Outside the Box: The Story of Food Packaging

The invention of food packaging is one of humanity's greatest achievements. It may seem hard to imagine today, but the first clay pots made the great civilizations of the ancient world possible, while paper's first use, long before it became a surface for writing, was to wrap food. But packaging's proliferation, combined with the invention of plastics, has become one of our biggest environmental headaches. In this episode, we explore the surprising history of how our food got dressed—and why and how we might want to help it get naked again.

In Packaged Pleasures: How Technology and Marketing Revolutionized Desire, co-authors Gary Cross and Robert Proctor lead us through millennia of human ingenuity applied to the problem of how to contain food, from the clay pot, which transformed communal food reserves into wealth-generating private property, to the much more recent breakthrough in resealability represented by the Mason jar. That's right, today's hipster drinking vessel started life as the world's first screw-lid container. Through the story of how soda got its pop and the invention of the cereal box, Cross and Proctor help us understand how recent mass-market food packaging is—and how it has revolutionized our relationship with food.

cereal_boxes 800

Alongside these social and dietary transformations came an environmental nightmare. In the United States, the E.P.A. has found that a third of municipal solid waste—the stuff that goes into landfills—is packaging. And two-thirds of that once held food. But can we live without food packaging? We meet inventor David Edwards of Le Laboratoire and Café ArtScience in Cambridge, MA, who has developed and commercialized a form of edible packaging that keeps yogurt or ice-cream contained for fifty days, even after being rinsed under the tap.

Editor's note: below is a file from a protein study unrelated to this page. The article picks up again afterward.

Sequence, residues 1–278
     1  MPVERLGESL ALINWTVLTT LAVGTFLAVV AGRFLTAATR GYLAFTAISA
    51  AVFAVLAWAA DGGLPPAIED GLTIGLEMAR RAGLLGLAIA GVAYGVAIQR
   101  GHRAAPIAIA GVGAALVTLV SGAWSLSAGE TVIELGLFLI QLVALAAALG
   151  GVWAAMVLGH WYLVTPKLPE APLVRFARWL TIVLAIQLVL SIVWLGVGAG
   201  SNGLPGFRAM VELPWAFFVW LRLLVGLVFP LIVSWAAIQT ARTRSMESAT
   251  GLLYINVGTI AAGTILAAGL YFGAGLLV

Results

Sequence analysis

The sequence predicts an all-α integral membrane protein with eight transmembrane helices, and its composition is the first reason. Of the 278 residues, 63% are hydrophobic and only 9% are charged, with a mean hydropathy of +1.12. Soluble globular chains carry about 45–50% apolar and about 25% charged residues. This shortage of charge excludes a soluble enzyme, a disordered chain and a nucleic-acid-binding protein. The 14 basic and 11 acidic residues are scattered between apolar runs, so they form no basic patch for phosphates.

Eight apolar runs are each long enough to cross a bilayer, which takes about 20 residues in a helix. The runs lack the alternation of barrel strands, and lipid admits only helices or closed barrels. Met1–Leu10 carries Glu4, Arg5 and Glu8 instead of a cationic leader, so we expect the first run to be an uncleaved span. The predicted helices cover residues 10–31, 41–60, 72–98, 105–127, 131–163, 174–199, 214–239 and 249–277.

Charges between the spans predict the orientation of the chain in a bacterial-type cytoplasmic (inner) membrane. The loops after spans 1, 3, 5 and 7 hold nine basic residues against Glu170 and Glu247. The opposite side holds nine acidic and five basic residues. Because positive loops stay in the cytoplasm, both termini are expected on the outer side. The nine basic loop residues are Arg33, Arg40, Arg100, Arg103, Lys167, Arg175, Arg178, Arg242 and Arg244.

Wikipearl box thermos and in half

We explore the science behind his invention, but also the challenges that mean that, for now, his edibly packaged products are still sold in a box. And, with listener help, we explore the burgeoning "unpackaged" movement, in which individuals and small businesses are trying to reduce waste by reinventing the process of grocery shopping. Listen in now, and you'll never look at a can of soup or a bag of spinach the same way again.

Episode Notes

Packaged Pleasures: How Technology and Marketing Revolutionized Desire

Gary S. Cross is distinguished professor of modern history at Pennsylvania State University; Robert N. Proctor is a professor in the history of science at Stanford University: together, they co-authored Packaged Pleasures: How Technology and Marketing Revolutionized Desire.  The book itself goes far beyond food packaging to look at how a range of technologies popularized in the late nineteenth and early twentieth centuries, from the cigarette to the modern movie, transformed human sensory experience.

David Edwards and Wikipearls

David Edwards is the Gordon McKay Professor of the Practice of Idea Translation at Harvard University as well as an engineer and inventor who founded Le Laboratoire and Café ArtScience in Cambridge, MA. His first experiment in edible packaging, the Wikipearls, can be tasted at Café ArtScience or purchased (in a box) under the brand name Incredible at stores throughout New England.

Mélissa de la Fontaine

Listener Beccah Frasier introduced us to Mélissa de la Fontaine, who lives in Montreal and who has been trying to adopt a zero-waste lifestyle for the past three years.

in.gredients and "unpackaged" grocery stores

We featured listener Mary Battalora's visit to in.gredients, a grocery store in Austin, Texas, that was founded in 2013 as a packaging-free supermarket, but has had to move away from their original mission. The "unpackaged" movement is growing, particularly in Europe, but it's an uphill struggle: we're curious to see what's discussed on this panel about packaging-free stores at Austin's SXSW Eco festival in September.


For a transcript of the show, please click here. Please note that the transcripts are provided as a courtesy and may contain errors.